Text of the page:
What made you decide to practice immigration law? If a young attorney or law student were interested in practicing immigration law, what would recommend that they do in order to prepare for that career?

I honestly had no interest in immigration law when I started law school. I went into law school to learn Employment law. Also, being a 2nd generation US Citizen, I was far removed from these immigration issues. It was through my extracurricular involvement with the Hispanic Law Students Association and Catholic Charities of Little Rock, that I became interested in Immigration. But the idea of sitting at a desk and filling out an Immigration application for a client did not appeal to me. However, when I started practicing at Monterrey & Tellez, most of the Immigration cases I handled were removal defense cases. They were more interesting to me because they seemed to parallel my work in criminal defense cases, such as preparing for trial and preparing arguments for hearings. I found out that I liked litigating cases and so Immigration Removal Defense seemed a natural addition to my practice. Since opening my own practice, I have had law students contact me asking to come work for me to gain some experience and for some career advice. I usually ask them about their area of interest. If the law student is primarily interested in Immigration law, I recommend that they take the Immigration Law course at Bowen (or that other law school) to get a very general idea of immigration law, but I tell them that they will only be able to grasp how it works by working in an Immigration law office. Also, I ask the law student what community they intend to serve when they begin their practice. Most immigrant communities have a language barrier that keeps them from accessing legal services, so it is important for that law student to speak that language or learn to become proficient in that language. One complaint that I have heard from Immigration clients is that the attorney they previously had did not speak their language, and even with a family member interpreting, the questions and answers got lost in translation. So even having an intermediate level of fluency in that language can help break down those barriers between the client and the attorney. Finally, I recommend that they become a student member of the American Immigration Lawyers Association (AILA) to become knowledgeable on current immigration issues and trends.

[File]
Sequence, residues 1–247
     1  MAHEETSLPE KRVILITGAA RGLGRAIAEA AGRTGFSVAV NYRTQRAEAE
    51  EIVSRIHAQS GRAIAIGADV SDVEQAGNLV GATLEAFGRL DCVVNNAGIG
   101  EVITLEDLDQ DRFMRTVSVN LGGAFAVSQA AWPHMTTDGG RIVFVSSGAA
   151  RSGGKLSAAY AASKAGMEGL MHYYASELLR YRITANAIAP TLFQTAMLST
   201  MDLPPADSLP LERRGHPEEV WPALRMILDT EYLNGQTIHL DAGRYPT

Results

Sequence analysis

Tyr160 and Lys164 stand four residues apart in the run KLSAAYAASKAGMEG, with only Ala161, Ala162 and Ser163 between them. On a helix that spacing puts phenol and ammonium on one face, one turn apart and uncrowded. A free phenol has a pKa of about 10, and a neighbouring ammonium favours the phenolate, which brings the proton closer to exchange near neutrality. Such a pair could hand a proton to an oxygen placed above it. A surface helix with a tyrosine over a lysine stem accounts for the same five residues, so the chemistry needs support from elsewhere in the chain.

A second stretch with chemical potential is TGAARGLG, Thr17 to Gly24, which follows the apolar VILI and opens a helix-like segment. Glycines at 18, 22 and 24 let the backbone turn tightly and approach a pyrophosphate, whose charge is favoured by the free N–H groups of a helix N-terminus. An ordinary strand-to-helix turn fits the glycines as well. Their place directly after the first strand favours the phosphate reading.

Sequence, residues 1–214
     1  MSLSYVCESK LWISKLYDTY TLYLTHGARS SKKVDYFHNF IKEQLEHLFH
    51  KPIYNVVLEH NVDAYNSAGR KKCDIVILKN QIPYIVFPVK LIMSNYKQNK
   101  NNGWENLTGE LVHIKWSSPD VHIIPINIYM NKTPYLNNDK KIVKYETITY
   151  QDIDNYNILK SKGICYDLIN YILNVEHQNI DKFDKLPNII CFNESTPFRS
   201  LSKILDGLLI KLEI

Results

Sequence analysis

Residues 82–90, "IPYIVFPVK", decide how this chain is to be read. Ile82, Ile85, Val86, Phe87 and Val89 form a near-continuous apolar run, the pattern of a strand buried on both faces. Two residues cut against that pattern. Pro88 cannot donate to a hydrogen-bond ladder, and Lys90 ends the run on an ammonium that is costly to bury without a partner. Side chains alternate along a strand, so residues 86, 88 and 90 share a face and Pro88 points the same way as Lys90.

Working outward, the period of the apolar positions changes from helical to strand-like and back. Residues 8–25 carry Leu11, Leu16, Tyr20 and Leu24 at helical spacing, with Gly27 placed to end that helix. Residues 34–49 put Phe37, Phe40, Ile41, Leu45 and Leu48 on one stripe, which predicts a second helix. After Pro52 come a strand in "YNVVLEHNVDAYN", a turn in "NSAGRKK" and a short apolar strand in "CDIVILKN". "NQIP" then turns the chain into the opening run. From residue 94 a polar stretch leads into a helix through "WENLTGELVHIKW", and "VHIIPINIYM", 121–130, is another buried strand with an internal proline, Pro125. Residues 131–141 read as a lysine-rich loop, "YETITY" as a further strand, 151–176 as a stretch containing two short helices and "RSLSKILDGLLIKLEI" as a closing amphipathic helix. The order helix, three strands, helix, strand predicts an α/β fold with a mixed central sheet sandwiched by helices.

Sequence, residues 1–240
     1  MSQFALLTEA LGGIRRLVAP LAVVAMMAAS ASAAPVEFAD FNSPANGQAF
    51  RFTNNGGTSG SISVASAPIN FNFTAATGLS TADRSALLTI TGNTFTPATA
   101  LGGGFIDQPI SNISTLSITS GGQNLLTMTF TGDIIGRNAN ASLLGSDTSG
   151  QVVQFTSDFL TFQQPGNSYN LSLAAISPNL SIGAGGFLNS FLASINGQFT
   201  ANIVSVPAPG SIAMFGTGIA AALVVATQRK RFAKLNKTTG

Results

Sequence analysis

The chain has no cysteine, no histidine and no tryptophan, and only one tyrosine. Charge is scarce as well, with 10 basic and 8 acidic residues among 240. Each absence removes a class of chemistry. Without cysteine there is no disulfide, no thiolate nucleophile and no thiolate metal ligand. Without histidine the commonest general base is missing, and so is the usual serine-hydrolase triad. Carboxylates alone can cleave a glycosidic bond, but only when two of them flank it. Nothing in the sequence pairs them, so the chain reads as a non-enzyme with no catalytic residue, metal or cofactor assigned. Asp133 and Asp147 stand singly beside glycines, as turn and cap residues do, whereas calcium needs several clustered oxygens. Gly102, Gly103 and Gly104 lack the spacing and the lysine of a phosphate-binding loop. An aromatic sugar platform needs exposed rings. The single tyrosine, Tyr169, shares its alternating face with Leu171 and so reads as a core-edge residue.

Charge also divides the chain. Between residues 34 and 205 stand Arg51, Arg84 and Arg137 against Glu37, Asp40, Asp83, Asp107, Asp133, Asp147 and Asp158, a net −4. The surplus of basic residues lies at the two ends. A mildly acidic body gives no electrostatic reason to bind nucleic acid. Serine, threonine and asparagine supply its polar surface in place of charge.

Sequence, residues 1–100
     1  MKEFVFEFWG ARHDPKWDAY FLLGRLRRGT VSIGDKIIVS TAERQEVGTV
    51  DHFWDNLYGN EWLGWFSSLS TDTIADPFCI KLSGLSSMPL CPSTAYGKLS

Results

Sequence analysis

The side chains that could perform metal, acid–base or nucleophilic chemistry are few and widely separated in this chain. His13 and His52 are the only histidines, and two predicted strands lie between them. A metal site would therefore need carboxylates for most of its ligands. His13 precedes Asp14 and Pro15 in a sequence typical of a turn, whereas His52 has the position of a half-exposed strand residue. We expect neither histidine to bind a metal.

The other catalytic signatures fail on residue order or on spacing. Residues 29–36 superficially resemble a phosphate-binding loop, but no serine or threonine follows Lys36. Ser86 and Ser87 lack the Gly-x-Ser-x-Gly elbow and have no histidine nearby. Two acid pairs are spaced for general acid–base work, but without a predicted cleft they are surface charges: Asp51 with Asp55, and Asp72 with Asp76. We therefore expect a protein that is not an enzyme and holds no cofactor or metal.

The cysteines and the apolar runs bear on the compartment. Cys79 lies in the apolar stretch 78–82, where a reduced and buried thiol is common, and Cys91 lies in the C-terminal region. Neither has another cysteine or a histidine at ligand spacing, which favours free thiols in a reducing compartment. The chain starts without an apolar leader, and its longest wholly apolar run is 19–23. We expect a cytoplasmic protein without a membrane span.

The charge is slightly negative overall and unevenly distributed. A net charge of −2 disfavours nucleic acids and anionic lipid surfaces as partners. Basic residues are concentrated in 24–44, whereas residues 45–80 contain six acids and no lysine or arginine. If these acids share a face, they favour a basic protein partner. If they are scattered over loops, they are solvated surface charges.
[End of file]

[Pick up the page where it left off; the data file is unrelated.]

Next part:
You are a young attorney, but by no means a brand new one. I think that makes you the perfect age to offer advice to prospective law students. What are some of the things you wish you either hadn’t done or had done sooner?

As an attorney with a couple of years under my belt, I am happy with where I am at this point, and I feel that what helped me was getting some life experience before hand. Before going to law school, I worked as an Environmental Chemist for several years. This gave me perspective because I was able to see working life from the inside, versus going from college to law school. This has helped me in tempering my expectations as I grow my practice. So I am glad I took a detour in life before starting law school. All the experience has made me a better attorney so there is nothing that I wish I hadn’t done.